When Australians get treatment for substance use, alcohol and cannabis top the list, says a report released today by the Australian Institute of Health and Welfare (AIHW).
The report, Alcohol and other drug treatment services in Australia 2004-05, profiles 142,144 treatment episodes from 635 government-funded alcohol and other drug treatment agencies across Australia.
Of the treatment episodes examined in the report, one-in-three were for clients aged 20-29 years and the majority (two-in-three) were males.
The AIHW's Chrysanthe Psychogios said 'Alcohol was the main drug of concern in 37% of treatment episodes, a figure which has changed little over the last four years.'
Cannabis was the next most common main drug of concern (23%), followed by heroin (17%) and amphetamines (11%).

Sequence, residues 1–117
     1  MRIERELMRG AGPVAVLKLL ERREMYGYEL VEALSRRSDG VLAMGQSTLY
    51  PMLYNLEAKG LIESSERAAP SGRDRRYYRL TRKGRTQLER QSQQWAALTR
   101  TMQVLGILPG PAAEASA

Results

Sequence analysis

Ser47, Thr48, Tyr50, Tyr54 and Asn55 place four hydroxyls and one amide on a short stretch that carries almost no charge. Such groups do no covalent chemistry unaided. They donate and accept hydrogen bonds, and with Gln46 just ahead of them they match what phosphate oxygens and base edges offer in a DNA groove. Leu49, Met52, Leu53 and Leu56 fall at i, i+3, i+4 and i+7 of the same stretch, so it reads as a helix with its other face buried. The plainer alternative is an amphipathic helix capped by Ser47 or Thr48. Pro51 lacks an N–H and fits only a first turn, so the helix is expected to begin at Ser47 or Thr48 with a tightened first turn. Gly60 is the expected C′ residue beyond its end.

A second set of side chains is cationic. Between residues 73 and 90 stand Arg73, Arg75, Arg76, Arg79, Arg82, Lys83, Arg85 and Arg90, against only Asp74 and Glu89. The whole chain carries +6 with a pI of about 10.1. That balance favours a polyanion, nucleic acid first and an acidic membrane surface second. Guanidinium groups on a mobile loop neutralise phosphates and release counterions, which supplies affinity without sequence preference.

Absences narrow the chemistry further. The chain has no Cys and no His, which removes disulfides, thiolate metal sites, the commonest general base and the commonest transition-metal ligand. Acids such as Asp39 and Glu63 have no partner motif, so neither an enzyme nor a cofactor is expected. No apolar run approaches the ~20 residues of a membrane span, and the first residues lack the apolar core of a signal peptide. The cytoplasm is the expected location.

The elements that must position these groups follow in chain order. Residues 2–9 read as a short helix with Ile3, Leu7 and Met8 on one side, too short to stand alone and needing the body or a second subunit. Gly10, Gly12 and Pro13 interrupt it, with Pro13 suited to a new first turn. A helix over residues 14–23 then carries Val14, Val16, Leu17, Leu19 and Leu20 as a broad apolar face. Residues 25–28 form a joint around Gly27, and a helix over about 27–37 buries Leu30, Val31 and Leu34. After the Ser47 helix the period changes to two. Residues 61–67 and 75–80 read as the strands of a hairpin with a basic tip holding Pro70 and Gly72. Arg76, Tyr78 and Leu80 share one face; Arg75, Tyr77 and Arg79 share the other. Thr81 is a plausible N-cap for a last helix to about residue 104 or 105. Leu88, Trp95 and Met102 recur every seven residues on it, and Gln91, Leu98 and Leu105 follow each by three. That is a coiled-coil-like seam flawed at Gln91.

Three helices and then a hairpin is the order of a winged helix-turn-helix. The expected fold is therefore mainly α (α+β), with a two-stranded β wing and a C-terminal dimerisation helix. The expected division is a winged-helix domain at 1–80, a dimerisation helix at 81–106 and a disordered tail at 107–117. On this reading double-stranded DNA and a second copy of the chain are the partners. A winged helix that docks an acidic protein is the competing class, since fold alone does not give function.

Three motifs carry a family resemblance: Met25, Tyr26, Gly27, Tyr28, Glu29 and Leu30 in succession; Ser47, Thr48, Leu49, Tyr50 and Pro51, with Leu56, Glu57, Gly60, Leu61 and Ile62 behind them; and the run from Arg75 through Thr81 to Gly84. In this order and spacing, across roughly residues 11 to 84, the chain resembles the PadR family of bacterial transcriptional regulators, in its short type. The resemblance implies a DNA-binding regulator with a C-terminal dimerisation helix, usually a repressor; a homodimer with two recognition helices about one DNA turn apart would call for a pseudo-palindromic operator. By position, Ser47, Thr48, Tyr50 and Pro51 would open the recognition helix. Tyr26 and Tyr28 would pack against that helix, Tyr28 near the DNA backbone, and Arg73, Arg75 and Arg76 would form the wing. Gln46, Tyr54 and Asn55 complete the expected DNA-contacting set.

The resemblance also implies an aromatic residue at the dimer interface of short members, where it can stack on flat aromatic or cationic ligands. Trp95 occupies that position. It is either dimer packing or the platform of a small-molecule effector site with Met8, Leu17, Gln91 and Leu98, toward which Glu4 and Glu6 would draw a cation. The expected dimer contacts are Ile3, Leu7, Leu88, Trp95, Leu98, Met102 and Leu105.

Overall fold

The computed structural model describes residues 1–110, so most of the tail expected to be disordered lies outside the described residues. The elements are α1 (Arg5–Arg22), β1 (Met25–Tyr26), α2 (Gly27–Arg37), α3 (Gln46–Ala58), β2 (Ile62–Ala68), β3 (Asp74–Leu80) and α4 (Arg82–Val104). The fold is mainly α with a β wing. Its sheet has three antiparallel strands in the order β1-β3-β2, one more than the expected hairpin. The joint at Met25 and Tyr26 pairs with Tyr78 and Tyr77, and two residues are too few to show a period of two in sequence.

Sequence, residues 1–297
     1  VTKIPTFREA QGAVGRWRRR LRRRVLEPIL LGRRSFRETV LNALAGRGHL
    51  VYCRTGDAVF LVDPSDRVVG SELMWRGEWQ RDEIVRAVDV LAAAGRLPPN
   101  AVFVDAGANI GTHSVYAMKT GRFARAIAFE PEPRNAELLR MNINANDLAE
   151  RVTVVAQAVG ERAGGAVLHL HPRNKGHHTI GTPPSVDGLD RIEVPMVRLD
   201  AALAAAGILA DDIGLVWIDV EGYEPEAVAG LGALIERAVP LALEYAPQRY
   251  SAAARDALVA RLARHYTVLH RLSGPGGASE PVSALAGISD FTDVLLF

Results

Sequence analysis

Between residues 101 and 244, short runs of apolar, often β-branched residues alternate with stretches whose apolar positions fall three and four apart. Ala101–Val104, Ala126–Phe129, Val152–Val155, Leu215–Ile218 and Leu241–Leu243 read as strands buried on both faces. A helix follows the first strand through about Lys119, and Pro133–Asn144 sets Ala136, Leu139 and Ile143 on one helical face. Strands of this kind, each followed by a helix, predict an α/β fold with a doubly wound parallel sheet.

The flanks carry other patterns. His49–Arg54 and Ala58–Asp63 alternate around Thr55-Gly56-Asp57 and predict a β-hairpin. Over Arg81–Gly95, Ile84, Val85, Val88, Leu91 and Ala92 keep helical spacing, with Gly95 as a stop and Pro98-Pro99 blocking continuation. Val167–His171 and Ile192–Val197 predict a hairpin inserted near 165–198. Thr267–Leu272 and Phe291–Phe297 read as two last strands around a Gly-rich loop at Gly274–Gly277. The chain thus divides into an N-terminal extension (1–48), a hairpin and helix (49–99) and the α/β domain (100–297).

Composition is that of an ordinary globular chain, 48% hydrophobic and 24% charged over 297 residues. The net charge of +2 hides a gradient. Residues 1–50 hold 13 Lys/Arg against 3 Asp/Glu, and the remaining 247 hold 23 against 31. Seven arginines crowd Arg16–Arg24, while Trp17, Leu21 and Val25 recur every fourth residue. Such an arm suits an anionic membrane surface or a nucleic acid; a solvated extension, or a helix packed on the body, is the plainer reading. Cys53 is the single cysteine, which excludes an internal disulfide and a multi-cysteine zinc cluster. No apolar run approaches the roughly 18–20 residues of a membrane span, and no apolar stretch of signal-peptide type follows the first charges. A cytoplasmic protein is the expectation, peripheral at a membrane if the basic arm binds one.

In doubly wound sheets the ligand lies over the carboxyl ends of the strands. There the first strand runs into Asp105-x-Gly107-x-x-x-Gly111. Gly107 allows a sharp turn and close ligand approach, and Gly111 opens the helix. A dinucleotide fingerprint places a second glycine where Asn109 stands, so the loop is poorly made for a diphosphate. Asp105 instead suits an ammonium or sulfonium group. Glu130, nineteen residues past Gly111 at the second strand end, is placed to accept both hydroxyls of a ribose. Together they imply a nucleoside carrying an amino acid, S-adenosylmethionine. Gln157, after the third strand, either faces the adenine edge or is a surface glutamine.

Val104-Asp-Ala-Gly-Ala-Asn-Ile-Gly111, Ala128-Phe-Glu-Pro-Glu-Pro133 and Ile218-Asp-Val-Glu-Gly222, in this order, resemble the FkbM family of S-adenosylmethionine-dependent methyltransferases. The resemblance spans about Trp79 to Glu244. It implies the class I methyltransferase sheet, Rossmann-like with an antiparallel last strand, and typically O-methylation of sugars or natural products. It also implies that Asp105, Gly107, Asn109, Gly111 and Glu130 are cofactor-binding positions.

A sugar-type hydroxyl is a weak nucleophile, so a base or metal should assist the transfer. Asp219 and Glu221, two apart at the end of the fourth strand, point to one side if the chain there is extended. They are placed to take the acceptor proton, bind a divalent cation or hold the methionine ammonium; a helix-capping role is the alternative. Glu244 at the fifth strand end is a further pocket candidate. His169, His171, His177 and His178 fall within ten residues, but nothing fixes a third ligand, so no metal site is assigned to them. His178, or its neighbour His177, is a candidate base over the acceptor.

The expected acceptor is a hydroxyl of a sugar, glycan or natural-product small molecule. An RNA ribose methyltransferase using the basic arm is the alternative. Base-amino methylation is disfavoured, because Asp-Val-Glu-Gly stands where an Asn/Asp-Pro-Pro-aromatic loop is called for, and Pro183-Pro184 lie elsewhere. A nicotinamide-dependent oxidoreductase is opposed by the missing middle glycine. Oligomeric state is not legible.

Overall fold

Ms Psychogios noted that many clients sought treatment for multiple drugs, with over half of all treatment episodes involving at least two drugs of concern.
'When all drugs are considered, just over half (51%) of all treatment episodes included alcohol and 45% included cannabis,' she said.
A special chapter on cannabis has been included in the report. It shows that, of cannabis users who sought treatment, around two-in-five (41%) were aged 20-29 years -this is the age group most likely to have recently used cannabis.
Among clients who said cannabis use was their main concern, just over half (52%) of their treatment episodes involved at least one other drug that concerned them. Alcohol was the most common 'other drug' reported (36%), followed by nicotine (21%), amphetamines (20%) and ecstasy (6%).
As previously, counselling was the most commonly provided treatment overall, followed by withdrawal management (detoxification).
*Agencies whose sole activity is to prescribe and/or dose methadone or other opioid therapies are not included in the national data set